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Going to Great Pains

By Caroline Trent-Gurbuz

The patient was addicted to heroin, recalls Katharine Hindle, M.D., assistant professor of anesthesiology and critical care medicine at the GW School of Medicine and Health Sciences (SMHS). GW Hospital staff screen all incoming emergency room patients for opioid and drug use — it’s standard operating procedure — and Hindle, in talking with the patient, found that he was actively using the drug. Digging deeper, she learned that he was self-medicating for hip pain.

Going to Great Pains

“He was at the point where he was very candid about the fact that he didn’t want to continue,” she says. “His goal was to go home on no additional opioids.”

Managing his pain as part of that goal is precisely what Hindle and the Acute Pain Management Service, led by Paul Dangerfield, M.D. ’95, RESD ’02, B.S. ’89, assistant professor of anesthesiology and critical care medicine at SMHS, can offer. It is, Dangerfield says, the team’s small way of taking a bite out of opioid addiction.

Statistically speaking, opioid addiction has cracked the level of epidemic. Since 1999, sales of prescription painkillers — oxycodone, hydrocodone, morphine, fentanyl, codeine — have quadrupled, according to the Centers for Disease Control and Prevention. Four in five heroin users first become addicted by misusing painkillers, the American Society of Addiction Medicine reports, and drug overdose is the leading cause of accidental death in the country.

Using opioids, Dangerfield explains, is like treating pain with a hammer, rather than a needle: Opioids target pain “in a blunt way, in that they not only target the pain, but they target everything else,” he says, which can lead to undesirable side effects. Dangerfield also warns that bluntly targeting the pain doesn’t completely eliminate it, leading to an escalation in dosage, which puts the patient at higher risk for addiction and other negative side effects (nausea, vomiting, constipation, dysphoria). At GW Hospital, however, the Acute Pain Management Service is combining medications and techniques to more precisely target pain and reduce the need for opioids almost completely.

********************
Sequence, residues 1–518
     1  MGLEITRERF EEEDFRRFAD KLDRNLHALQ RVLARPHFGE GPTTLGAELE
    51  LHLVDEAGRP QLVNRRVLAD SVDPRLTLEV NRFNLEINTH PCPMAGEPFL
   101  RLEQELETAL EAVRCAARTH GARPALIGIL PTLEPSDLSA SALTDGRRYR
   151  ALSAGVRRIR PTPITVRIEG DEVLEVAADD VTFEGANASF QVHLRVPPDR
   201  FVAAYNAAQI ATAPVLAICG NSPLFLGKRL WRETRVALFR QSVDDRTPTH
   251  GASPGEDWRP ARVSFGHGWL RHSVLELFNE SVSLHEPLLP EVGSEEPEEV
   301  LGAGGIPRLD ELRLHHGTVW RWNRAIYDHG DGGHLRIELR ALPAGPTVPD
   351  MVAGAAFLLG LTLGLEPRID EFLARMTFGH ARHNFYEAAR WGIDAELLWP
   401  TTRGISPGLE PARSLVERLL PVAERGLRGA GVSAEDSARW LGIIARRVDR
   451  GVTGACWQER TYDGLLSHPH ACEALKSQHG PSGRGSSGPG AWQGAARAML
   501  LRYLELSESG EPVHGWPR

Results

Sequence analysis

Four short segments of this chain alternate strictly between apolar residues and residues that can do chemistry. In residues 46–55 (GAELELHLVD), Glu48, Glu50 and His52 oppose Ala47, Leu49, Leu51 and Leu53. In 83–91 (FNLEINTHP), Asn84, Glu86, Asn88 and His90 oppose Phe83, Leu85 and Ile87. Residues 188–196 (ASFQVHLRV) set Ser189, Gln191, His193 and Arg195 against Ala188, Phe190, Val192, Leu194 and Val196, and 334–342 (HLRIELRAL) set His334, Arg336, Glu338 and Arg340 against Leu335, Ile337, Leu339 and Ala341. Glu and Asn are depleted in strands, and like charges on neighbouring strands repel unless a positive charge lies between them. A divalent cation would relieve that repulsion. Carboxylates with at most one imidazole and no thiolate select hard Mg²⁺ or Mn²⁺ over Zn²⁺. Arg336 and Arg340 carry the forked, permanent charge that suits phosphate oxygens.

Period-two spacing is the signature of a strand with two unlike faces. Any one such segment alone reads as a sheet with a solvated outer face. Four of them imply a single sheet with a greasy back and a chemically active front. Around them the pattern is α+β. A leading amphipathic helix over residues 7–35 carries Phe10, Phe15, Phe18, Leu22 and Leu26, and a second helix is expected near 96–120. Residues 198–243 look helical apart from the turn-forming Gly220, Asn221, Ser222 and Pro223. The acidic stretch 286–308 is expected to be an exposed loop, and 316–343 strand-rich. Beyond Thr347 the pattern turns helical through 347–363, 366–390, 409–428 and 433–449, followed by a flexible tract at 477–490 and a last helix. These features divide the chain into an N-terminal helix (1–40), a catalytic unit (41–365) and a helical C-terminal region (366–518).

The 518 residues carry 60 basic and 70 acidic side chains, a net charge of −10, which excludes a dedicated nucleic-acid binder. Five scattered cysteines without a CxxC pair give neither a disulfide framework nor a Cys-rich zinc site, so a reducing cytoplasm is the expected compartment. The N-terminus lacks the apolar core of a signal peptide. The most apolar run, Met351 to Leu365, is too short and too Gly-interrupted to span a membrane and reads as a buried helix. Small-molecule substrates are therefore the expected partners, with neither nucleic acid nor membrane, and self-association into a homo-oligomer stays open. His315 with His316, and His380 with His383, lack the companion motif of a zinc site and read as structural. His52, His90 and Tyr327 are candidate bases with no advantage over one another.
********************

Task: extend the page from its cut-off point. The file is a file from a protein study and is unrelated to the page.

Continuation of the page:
“We use a number of different medications that work in different ways on the pain, what we call regional anesthesia,” Dangerfield explains. “If people need it, they get opioids — but instead of that being the foundation of what we’re doing, our goal is, through this multimodal pain regime, [to give them fewer] opioids. If people aren’t exposed to them in the first place, they’re less likely to become addicted to them, and their pain is treated effectively.”

Multimodal Pain Management

  • IV therapy (morphine)
  • Anti-inflammatory
  • Bupivacaine (epidural)
  • Muscle relaxant
  • Pills (opioids)

After being diagnosed with breast cancer, Robyne Doyle opted for the multimodal approach for her double mastectomy and breast reconstruction because, she says, “I know pain.”

Doyle was a nurse in the GW Hospital ICU for almost 30 years. “I think some people who are not in the medical field don’t have a grasp of how painful that surgery is,” she says. “I was fully aware. It’s not a walk in the park.”

Dangerfield treated Doyle with the paravertebral nerve block, a kind of regional anesthetic. Doyle had two small, flexible catheters inserted in her back, one on each side, that continually released medication over the course of a few days, a time period determined by the team. The catheters were connected to a softball-sized, portable bag of medication kept in pouches, which Doyle strapped around her waist.